George W Bush’s art debut is sure to be an international draw as the world looks to see whether their leaders were rendered flatteringly or not. Critics will have to decide whether to pan or praise the works based, not on taste and technique, but on the political statement they could be making. For everyone else whose jobs do not depend on the good will of politicians, it can fairly be said that the former world leader’s art just is not attractive and it raises the question, “Why exactly is this in a museum?” The answer to that question is what is really on exhibit here as the display George W. Bush’s amateur paintings raise questions about fame and its effects.
The paintings are currently being displayed at the George W. Bush Presidential Center in Dallas, Texas, a fitting memorial to the man who led the United States through the 9/11 terrorist attacks and the subsequent wars in Iraq and Afghanistan. Regardless of politics, the art exhibit has the air of giving the true portrait of a man known both for his gaffes and for everyone else’s ridicule of him. Somewhat awkwardly for his detractors, the former president’s artistic works show a softer side of him, a likeable side, even a good side of man who has been called a war criminal by some.
That is the true mission of all art: to show a different side that cannot be covered by the cold, rational, factual lives that most people lead. It is a subtle, nuanced way of looking at human nature, and George W Bush’s paintings do just that for the oft-maligned president. What exactly that nature is, however, is something that people will debate for a long while to come.
One art critic, Alastair Sooke of The Telegraph, had very little good to say about the works on display. He called them “dreary” and “impersonal.” He likened the artworks to the way Bush talks, which he characterized as “ham-fisted” and “bungling,” even if they were interesting. While much has been made of Bush’s natural artistry, for a professional art critic used to critiquing works that number some of the best in the world, this little art show is little more than a local amateur’s first display. There is little redeeming in covering an amateur, but the fact is that this is not just “some amateur.”
This is where the issue of fame really raises questions about George W Bush’s paintings. Two questions are vitally important here: would a critic like Alastair Sooke normally cover an exhibit like this? And why does anyone care about it anyway? After all, if it was anyone else doing this, no one would be interested and it would remain just a blip in the life of some amateur artist with not enough talent to be a great artist.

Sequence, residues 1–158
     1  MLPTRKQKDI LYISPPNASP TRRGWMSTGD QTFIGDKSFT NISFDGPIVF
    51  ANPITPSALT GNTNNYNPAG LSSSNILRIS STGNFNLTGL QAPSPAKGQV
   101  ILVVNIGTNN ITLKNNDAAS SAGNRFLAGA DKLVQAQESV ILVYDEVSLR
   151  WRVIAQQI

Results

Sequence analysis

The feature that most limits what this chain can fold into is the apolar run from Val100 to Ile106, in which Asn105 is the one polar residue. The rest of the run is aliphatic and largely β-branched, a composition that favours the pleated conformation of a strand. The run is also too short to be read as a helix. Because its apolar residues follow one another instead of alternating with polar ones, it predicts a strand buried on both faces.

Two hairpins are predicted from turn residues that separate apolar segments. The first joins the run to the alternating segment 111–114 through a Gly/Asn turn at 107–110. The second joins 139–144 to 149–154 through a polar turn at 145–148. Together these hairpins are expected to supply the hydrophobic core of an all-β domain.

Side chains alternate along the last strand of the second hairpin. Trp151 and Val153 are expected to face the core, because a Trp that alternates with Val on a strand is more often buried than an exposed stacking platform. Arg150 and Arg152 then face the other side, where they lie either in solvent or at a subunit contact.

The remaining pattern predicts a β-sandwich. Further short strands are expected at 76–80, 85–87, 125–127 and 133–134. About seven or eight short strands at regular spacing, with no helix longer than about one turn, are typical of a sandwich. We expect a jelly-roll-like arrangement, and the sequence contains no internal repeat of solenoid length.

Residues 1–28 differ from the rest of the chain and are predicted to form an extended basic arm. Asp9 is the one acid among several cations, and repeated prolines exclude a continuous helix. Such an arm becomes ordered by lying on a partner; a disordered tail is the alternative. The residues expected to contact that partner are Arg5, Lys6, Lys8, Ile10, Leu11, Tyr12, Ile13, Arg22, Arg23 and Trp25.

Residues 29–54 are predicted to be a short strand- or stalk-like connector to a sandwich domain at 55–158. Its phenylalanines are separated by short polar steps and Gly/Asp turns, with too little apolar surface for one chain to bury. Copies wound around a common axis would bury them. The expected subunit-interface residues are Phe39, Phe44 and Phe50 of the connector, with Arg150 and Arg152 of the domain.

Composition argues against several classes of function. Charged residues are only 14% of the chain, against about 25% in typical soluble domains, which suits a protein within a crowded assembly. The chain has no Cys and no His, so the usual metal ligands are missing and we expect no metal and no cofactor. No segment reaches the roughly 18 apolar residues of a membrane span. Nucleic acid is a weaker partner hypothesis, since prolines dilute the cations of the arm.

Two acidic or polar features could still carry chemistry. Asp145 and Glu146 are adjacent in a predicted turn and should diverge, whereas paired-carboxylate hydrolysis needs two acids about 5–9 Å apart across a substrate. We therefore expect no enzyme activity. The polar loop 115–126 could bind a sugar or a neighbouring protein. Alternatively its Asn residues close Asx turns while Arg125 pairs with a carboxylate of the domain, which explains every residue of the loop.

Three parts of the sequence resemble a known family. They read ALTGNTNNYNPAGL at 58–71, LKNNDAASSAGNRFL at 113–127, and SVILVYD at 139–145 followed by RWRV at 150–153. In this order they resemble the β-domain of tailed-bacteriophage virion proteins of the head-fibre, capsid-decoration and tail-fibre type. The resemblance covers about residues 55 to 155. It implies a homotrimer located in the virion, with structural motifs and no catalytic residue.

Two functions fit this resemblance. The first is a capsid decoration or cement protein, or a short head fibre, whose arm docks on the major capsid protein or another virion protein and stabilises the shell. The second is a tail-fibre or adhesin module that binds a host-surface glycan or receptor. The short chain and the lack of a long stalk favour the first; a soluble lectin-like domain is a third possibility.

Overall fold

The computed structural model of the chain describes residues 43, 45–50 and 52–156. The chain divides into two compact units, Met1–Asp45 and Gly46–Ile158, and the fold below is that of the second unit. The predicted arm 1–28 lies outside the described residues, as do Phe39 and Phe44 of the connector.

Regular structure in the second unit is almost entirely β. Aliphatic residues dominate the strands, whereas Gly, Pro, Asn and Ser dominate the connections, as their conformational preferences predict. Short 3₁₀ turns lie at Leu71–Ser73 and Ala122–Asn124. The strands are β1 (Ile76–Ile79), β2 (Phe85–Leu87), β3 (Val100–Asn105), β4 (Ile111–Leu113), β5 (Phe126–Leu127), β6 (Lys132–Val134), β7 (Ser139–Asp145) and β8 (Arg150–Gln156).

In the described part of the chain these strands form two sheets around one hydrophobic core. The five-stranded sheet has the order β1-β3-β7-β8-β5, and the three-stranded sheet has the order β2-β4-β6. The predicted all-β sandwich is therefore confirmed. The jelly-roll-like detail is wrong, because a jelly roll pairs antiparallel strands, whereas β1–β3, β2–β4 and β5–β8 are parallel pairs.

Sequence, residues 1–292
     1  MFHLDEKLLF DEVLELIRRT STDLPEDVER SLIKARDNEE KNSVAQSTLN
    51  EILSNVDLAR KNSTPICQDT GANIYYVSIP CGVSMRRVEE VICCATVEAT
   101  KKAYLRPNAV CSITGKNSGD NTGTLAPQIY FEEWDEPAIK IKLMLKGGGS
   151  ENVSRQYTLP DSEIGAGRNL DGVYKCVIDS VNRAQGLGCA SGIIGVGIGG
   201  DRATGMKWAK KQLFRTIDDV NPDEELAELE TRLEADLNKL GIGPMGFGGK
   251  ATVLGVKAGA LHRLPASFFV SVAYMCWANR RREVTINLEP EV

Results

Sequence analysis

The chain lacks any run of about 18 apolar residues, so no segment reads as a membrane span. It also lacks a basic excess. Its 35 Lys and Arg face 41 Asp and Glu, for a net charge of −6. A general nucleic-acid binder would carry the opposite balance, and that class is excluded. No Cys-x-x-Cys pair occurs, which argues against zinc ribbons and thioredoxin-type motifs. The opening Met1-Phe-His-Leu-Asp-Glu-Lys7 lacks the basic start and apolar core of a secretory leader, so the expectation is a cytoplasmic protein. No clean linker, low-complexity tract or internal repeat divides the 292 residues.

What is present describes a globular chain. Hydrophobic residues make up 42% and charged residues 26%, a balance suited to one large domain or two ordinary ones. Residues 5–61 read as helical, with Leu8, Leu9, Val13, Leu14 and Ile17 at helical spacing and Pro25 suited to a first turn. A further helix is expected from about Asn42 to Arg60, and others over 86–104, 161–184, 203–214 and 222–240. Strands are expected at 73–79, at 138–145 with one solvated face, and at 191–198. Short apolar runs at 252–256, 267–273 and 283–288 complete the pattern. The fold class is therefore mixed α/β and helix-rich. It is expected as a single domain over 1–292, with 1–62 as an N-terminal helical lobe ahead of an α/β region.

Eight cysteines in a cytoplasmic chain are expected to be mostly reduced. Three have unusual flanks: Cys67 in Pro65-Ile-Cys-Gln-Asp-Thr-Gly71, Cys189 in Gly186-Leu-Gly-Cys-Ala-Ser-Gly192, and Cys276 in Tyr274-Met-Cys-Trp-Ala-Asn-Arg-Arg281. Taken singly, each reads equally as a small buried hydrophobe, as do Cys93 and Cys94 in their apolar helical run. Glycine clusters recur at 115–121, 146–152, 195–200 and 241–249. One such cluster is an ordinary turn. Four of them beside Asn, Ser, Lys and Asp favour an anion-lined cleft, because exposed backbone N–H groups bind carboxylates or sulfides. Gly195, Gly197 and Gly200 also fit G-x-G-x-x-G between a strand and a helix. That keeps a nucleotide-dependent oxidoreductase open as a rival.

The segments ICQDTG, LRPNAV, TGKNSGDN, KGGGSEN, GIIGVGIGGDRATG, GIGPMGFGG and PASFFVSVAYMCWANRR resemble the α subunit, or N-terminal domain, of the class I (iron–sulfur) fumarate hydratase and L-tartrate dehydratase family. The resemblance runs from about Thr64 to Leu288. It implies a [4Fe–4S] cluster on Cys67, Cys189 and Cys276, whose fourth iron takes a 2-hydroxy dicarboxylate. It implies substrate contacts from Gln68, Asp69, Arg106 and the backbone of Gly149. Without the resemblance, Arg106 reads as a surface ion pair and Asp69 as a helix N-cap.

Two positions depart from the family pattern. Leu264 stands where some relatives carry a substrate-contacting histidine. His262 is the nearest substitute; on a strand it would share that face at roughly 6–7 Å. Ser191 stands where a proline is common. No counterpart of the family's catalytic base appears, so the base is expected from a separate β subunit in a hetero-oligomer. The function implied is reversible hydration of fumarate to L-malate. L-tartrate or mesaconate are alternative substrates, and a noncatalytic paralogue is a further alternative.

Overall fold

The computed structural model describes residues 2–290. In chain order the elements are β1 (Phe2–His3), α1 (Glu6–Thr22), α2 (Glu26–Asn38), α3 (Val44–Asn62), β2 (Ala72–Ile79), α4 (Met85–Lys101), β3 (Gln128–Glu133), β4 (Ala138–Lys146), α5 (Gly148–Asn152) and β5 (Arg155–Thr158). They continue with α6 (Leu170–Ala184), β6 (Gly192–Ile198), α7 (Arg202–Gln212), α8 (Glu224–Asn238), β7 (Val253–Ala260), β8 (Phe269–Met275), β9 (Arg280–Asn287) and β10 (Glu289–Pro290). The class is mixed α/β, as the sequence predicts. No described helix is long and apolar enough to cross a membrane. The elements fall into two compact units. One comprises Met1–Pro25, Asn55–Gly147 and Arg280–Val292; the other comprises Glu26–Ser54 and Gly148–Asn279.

The fact is that Alastair Sooke and others would not be covering this type of event except for the fact that the man who created these paintings is himself famous. That is also the only reason why anyone in the world cares. The fact is, there is little of artistic value in these paintings beyond what a normal person can accomplish if he puts his mind to it. But George W. Bush is not a normal person. He is one of the most infamous presidents the United States has ever had and that alone is enough to draw the attention of millions.
In that case, this art exhibit takes on the air of a display of a serial killer’s artwork going up for display. Murderabilia, as it is called, is regularly sold on the internet and people seem to have a morbid fascination with it. That same kind of fascination is what is drawing people to George W. Bush’s artwork. It is the fascination of seeing someone who has been completely reviled in a new light.
If George W. Bush were a normal president, this art exhibit would have been a simple news story, a little bit of interest, a few photo galleries, and no one would care later. But because he is the perpetrator of the longest and some of the most controversial wars in American history, this story has become much bigger than that, ballooning even into an international story. Because of his infamous reputation, Bush’s fame is what is drawing people to this exhibit. It seems that no matter what someone is famous for, that fame is enough to make anything interesting.
Art has its own merits. It enhances an otherwise unbearable world by showing the better, more beautiful side of everything. Even tragedy can be transformed into great and moving art. But George W. Bush’s paintings do not do that. They are a gawk fest that will yield little edifying content to the world. They are fascinating only for what they reveal about a man with a terrible history. Because of this, critics should be raising questions about the role of fame and its effects when reviewing George W Bush’s paintings, though no doubt there will be little dialogue about that and more speculation about which world leader looks the best on canvas.
Opinion By Lydia Webb